Why the stock market’s fate could hinge on the U.S. dollar

Why the stock market’s fate could hinge on the U.S. dollar

Another year of dollar strength could be a major headwind

A headwind for U.S. stocks in 2018 was a 4.4% rally for the U.S. dollar DXY, -0.78% that accompanied the S&P 500 index’s SPX, +0.85% 6.4% decline.

And while stocks can still perform well during periods of dollar strength, all else equal, a more expensive greenback will likely remain a headwind for stocks in 2019, analysts and investors said.

“It would be worrisome if the dollar rally continues,” Michael DePalma, chief executive and senior portfolio manager at PhaseCapital, told MarketWatch. “It could put a nice little dent in asset prices.”

A continuation of last year’s dollar rally could be particularly painful for the large-cap firms that make up the S&P 500, as foreign sales have accounted for more than 40% of S&P 500 revenue in recent years.

According to a 2018 analysis by Jodie Gunzberg, head of U.S. equities at S&P Dow Jones Indices, the S&P 500 still rises on average during periods when the dollar is rallying, but the index rises 3.7 times more during periods when the dollar is falling, “since a falling dollar helps the international businesses” of component companies.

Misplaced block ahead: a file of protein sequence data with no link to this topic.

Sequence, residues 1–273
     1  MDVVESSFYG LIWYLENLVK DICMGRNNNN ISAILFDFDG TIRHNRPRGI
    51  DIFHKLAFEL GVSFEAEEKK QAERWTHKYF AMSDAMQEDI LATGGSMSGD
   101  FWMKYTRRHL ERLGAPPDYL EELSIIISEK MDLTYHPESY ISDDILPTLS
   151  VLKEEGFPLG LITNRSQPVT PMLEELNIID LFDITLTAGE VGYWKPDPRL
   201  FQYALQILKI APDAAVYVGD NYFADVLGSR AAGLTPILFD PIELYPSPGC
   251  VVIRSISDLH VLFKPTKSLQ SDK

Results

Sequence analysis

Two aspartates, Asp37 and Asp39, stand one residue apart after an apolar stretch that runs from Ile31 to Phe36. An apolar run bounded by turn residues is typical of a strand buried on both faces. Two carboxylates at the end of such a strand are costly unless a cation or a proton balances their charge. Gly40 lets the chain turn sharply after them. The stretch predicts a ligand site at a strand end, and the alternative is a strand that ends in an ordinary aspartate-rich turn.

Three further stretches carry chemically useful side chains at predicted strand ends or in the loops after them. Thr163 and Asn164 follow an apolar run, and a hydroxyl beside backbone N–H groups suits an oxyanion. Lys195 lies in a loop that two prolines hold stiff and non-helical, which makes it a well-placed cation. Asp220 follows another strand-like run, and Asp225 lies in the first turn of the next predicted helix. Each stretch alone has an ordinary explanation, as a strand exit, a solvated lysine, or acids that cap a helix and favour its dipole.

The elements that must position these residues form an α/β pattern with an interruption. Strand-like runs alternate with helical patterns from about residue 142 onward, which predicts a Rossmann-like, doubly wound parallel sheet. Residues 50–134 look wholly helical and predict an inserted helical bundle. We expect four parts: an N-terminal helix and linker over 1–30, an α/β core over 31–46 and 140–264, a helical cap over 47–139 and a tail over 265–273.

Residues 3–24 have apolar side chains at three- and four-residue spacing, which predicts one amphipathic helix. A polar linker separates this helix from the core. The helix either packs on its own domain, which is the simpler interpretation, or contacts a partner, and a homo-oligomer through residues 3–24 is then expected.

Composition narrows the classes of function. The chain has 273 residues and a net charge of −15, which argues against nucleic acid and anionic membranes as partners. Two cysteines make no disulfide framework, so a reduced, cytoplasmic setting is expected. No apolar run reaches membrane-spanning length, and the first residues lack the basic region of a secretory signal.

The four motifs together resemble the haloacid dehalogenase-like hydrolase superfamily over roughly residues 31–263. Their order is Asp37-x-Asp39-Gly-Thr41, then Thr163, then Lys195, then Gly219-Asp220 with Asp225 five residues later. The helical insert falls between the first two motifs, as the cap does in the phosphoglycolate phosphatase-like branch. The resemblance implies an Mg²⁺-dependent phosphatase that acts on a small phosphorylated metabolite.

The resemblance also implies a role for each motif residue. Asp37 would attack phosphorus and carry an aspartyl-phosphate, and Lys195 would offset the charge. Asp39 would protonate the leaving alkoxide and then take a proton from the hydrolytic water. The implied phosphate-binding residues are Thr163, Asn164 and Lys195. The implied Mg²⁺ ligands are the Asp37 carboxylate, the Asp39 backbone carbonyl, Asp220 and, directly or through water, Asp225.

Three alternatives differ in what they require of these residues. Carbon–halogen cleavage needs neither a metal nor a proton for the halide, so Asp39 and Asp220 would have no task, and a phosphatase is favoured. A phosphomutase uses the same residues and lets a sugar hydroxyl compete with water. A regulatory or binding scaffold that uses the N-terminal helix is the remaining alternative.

There are many reasons to think the dollar rally won’t last, including a recent dovish turn by the Federal Reserve and the U.S. growing budget deficit. But Ben Laidler, chief equity strategist at HSBC argued in a recent research note that “In the relative world of FX, the USD is still best placed to strengthen in most scenarios.”

He points to a global economy that is slowing more quickly than the U.S. as a main reason to support the dollar relative to other currencies like the euro EURUSD, +0.9375% or the Japanese yen USDJPY, -0.08% while arguing that the Federal Reserve will hike rates at least once this year. That’s in contrast to market expectations, which see a two-in-three chance that the fed-funds rate won’t be moved in 2019, according to CME Group.

“There is a big disconnect between what the Fed aspires to do this year and what the market expects it to do,” George Mateyo, chief investment officer at Key Private Bank, told MarketWatch. “We think the Fed will raise one more time, whereas the market predicts no hikes.”

“We came into this year thinking that the dollar was overvalued,” but given what he predicts as the growing gap between U.S. interest rates and other developed markets, this overvaluation “could persist all year,” Mateyo said.

Analysts emphasized that when talking about the relationship between a stronger dollar and the stock market, much depends on the reason why the dollar is rising.

Laidler expects the dollar to strengthen in part because he expects the U.S. economy to outperform expectations. As a result, he predicts a stronger dollar won’t be a barrier to the S&P 500 gaining 17% in 2019, the upper range of his forecast.

But if dollar strength is driven by an sharp slowdown in global growth, wherein investors flee to the dollar as a haven, a rising dollar would remain one of many headwinds restraining valuations in 2019.

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